Four RCTs (226 infants) were included.
The Jadad scores for study quality ranged from 1 to 3 out of a possible 5 points. There were several methodological flaws: failing to report intention-to-treat analysis; a lack of reporting when phototherapy treatment was started; and unclear criteria for late transfusion.
When compared with phototherapy alone, HDIVIG plus phototherapy significantly reduced the need for exchange transfusion (3 RCTs, 189 infants); the RR was 0.28 (95% CI: 0.17, 0.47). No significant heterogeneity was detected (P=0.58).
For infants with Rh disease (2 RCTs, 73 infants), HDIVIG treatment significantly reduced the need for exchange transfusion to a greater extent (RR 0.21, 95% CI: 0.10, 0.45). No significant heterogeneity was detected (P=0.77).
HDIVIG treatment plus phototherapy significantly reduced multiple exchange transfusions compared with phototherapy alone (3 RCTs, 198 infants); the RR was 0.22 (95% CI: 0.08, 0.61). No significant heterogeneity was detected (P=0.38).
The addition of HDIVIG treatment to phototherapy significantly reduced the length of hospital stay (2 RCTs, 153 infants); the WMD was -1.06 (95% CI: -1.65, -0.46). Significant heterogeneity was detected (P=0.042). One RCT found that both treatment groups had a longer stay than the other RCT.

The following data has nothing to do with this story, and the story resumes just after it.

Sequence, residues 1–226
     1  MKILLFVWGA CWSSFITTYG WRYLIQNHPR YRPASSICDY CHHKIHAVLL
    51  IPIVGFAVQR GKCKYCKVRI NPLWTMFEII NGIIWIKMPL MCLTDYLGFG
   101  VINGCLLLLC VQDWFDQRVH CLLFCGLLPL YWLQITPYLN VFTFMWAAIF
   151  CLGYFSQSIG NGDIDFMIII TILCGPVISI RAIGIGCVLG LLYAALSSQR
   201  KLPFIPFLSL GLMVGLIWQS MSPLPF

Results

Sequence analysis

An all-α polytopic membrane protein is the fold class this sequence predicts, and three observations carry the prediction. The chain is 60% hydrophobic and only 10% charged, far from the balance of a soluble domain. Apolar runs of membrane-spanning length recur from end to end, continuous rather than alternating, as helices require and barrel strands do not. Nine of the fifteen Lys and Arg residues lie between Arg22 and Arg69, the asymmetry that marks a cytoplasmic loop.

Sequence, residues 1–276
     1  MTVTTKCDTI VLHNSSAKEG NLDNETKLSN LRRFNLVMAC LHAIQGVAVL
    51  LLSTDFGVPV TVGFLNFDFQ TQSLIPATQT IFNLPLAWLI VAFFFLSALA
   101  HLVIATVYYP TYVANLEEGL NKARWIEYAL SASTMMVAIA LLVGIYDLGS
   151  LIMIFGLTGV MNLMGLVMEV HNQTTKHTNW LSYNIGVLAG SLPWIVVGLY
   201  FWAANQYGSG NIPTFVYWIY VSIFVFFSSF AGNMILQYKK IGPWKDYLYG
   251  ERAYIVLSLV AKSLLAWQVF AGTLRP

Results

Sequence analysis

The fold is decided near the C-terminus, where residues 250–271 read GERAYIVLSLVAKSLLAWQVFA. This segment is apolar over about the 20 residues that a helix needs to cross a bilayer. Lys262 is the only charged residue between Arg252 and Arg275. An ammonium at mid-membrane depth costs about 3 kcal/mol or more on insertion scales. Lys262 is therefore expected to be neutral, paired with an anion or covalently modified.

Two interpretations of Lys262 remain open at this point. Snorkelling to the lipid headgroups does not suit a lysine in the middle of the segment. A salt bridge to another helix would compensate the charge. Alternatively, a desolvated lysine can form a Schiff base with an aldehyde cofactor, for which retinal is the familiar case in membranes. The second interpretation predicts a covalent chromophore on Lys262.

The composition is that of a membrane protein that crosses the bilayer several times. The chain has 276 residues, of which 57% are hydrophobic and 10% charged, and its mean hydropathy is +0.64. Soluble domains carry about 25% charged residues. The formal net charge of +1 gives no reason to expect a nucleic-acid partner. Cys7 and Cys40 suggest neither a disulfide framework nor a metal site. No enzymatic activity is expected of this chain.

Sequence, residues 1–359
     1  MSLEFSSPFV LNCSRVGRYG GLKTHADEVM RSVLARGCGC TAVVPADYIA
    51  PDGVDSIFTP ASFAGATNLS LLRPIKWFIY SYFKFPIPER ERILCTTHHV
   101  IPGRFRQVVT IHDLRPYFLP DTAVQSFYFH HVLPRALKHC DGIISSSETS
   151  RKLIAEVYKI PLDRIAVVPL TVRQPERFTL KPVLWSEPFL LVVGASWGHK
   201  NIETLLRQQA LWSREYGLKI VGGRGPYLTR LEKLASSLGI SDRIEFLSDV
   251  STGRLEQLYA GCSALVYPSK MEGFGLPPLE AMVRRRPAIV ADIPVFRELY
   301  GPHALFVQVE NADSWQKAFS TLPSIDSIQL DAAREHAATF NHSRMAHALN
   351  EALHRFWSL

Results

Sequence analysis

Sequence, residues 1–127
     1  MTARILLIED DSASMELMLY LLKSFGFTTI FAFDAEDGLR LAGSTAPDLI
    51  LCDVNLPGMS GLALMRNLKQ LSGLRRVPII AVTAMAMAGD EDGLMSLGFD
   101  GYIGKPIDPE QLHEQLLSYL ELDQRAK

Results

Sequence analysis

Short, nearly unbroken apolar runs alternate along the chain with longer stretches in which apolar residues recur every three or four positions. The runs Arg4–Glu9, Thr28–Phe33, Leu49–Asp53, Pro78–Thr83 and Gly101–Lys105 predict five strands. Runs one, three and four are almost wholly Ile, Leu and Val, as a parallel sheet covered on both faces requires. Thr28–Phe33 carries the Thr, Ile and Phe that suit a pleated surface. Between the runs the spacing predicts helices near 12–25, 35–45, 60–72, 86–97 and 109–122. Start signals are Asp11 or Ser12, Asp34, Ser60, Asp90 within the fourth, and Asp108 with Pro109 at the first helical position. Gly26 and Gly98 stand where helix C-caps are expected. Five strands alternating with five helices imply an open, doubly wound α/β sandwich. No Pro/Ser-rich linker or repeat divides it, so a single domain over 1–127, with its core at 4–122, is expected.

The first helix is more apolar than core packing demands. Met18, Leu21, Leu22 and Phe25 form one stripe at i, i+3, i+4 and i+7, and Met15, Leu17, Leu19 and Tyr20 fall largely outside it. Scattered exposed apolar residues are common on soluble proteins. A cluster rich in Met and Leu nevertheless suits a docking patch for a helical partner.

The addition of HDIVIG treatment to phototherapy significantly reduced the duration of phototherapy treatment (2 RCTs, 153 infants); the WMD was 0.87 (95% CI: -1.37, -0.37). No significant heterogeneity was detected (P=0.36).
The increase in the number of infants receiving red cell transfusions for late anaemia just reached statistical significance, but the CIs were wide (3 RCTs, 189 infants); the RR was 8.0 (95% CI: 1.03, 62.2). No significant heterogeneity was detected (P=0.7).
The risk difference and NNT were also reported in the review.
In terms of adverse effects, in 3 studies infants were monitored for possible febrile, allergic, haemolytic and volume overload effects of HDIVIG. None of the 3 studies reported any such events. Two studies reported problems in infants in control groups, but no causal link was established; one infant had inspissated bile syndrome; one infant had bacterial sepsis; two infants had hypoglycaemia and hypocalcaemia after exchange transfusions.